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Oil, Gasoline Futures Fall on Bearish Inventory Data

West Texas Intermediate (WTI) oil futures fell to the lowest price in more than a week, sliding more than $1 to below $88 a barrel, and RBOB gasoline futures plunged more than two percent to a two-week low, trading below $2.75 a gallon, after the U.S. Energy Information Administration reported a huge increase in domestic oil and gasoline supplies over the past week.

Meanwhile, gasoline demand last week fell three percent below year ago levels with only about a month left in the summer driving season, traditionally the peak season for gasoline demand.

The EIA reported gasoline supplies rose by 4.1 million barrels; crude oil supplies jumped by 2.7 million barrels, and distillate fuel supplies rose by 1.7 million barrels.

Crude stocks are now about seven percent above year ago levels, while gasoline supplies are nearly two percent below where they were this time last year. The distillate market remains extremely undersupplied, at 17 percent below year ago levels.

Brent crudefell more than 1 percentto trade near $102 a barrel.

Prices at the pump are now down fractionally from Tuesday at $3.49 a gallon for the national average for regular gasoline, according to AAA. Retail gasoline prices had risen over 2 percent in the past month, but are still 5 percent below year-ago levels.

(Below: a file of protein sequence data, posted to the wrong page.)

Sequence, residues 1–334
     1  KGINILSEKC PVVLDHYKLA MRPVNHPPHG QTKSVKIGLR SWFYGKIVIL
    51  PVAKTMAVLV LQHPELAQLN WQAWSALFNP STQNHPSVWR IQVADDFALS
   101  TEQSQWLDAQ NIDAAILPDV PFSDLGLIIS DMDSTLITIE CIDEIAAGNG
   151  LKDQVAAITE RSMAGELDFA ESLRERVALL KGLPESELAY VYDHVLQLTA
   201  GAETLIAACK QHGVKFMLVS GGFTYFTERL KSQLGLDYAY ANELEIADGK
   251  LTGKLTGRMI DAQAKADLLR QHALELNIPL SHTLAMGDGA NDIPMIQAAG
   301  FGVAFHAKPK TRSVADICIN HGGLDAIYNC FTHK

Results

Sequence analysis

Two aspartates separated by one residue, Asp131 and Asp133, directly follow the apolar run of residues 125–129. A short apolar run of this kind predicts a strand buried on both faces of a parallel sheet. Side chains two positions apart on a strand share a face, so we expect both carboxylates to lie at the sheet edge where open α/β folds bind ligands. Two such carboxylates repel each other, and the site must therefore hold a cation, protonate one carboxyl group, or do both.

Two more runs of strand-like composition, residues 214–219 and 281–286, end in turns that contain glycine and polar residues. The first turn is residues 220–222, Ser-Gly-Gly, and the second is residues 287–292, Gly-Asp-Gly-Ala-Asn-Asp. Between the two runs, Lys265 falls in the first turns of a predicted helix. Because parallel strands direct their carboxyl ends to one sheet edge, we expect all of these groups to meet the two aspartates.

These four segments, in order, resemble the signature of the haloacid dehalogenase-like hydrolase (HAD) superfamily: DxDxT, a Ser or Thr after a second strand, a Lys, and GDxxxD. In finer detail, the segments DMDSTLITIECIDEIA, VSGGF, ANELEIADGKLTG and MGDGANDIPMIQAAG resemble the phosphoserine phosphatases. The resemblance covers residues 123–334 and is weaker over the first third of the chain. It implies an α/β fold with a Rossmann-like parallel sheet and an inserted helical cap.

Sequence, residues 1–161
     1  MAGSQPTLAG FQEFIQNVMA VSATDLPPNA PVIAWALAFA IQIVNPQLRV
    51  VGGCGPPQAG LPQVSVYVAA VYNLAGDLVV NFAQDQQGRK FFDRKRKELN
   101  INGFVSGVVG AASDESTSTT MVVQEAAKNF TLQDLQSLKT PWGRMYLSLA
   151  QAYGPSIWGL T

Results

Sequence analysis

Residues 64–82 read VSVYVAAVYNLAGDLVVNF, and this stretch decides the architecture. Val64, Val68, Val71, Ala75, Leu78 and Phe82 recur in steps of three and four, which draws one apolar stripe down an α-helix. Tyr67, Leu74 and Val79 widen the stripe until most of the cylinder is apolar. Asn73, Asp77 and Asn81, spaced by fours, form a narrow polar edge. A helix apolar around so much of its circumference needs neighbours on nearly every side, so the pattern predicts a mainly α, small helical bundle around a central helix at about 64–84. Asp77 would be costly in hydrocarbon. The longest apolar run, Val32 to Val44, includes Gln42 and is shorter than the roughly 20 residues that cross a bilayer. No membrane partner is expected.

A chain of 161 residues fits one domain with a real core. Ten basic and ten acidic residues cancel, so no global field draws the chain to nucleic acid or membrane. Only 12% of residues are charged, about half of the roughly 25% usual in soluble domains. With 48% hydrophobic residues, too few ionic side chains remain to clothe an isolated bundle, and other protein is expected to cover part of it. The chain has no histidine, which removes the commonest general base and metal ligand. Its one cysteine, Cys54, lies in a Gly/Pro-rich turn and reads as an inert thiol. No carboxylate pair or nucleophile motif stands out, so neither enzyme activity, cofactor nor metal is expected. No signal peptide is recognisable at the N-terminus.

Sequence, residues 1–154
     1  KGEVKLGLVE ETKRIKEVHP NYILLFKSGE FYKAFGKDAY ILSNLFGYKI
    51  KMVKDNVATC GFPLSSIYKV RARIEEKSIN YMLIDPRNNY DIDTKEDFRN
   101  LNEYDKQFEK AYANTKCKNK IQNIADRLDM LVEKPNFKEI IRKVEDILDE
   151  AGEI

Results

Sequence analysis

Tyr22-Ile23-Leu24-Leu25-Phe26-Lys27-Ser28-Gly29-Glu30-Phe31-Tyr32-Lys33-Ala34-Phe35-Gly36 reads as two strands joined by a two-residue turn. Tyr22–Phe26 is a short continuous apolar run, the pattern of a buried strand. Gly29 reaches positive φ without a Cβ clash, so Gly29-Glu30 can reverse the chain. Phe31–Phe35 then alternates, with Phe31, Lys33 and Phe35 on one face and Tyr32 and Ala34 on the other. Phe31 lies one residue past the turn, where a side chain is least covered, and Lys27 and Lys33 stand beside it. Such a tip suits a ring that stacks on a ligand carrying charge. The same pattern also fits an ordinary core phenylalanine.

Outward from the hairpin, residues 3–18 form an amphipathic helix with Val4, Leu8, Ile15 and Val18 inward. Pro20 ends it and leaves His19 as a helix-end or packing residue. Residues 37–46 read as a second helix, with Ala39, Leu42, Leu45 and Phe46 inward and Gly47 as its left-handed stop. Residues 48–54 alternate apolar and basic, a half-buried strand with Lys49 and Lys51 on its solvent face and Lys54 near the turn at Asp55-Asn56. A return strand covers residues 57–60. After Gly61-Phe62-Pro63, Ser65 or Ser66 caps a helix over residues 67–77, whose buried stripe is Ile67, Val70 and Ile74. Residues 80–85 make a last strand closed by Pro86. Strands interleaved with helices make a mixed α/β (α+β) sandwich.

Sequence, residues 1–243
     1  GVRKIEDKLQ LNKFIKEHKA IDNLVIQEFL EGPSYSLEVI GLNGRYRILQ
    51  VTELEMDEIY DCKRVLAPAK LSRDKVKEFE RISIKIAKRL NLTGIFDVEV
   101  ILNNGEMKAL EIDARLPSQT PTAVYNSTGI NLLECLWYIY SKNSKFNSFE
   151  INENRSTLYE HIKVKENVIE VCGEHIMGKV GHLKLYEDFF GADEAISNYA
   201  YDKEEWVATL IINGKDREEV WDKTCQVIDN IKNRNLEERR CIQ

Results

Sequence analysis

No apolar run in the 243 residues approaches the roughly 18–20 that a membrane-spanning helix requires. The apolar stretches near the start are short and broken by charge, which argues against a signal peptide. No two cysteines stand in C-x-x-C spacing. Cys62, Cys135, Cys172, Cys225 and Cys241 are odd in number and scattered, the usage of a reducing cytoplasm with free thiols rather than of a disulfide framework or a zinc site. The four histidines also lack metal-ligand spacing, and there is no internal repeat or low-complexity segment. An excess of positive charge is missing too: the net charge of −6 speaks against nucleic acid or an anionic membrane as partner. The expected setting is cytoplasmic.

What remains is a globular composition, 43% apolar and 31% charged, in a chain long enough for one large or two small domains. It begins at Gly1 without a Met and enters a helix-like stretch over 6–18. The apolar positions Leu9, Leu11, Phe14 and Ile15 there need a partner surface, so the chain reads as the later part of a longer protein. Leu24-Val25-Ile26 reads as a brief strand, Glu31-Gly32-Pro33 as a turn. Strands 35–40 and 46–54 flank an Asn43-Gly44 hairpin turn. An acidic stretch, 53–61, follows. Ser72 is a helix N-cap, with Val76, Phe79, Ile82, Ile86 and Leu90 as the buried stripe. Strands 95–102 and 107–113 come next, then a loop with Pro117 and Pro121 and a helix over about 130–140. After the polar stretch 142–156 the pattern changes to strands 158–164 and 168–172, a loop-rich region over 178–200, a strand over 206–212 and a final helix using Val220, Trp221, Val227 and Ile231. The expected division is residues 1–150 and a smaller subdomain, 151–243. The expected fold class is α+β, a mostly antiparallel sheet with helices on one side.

"In the summer time we see jogs to upside and jogs to downside," says OPIS energy analyst Tom Kloza. "This puts an end to the jog to the upside that we've seen since July 2," when the national average for retail gasoline fell to a 2012 low of $3.32 a gallon. Gas prices could continue to fluctuate a bit.

But, "I'm pretty confident we'll see a drop lower between Labor Day and Election Day," says Kloza, who forecasts pump prices will fall toward $3 a gallon by year end.

Follow Sharon on Twitter: @sharon_epperson

Disclaimer

  • Patti Domm

    Patti Domm is CNBC Executive Editor, News, responsible for news coverage of the markets and economy.

  • A CNBC reporter since 1990, Bob Pisani covers Wall Street from the floor of the New York Stock Exchange.

  • CNBC Personal Finance Correspondent

  • JeeYeon Park is a writer for CNBC.com. Follow her on Twitter: @JeeYeonParkCNBC

  • Rick Santelli joined CNBC Business News as an on-air editor in 1999, reporting live from the floor of the Chicago Board of Trade.

  • Senior Producer at CNBC's Breaking News Desk.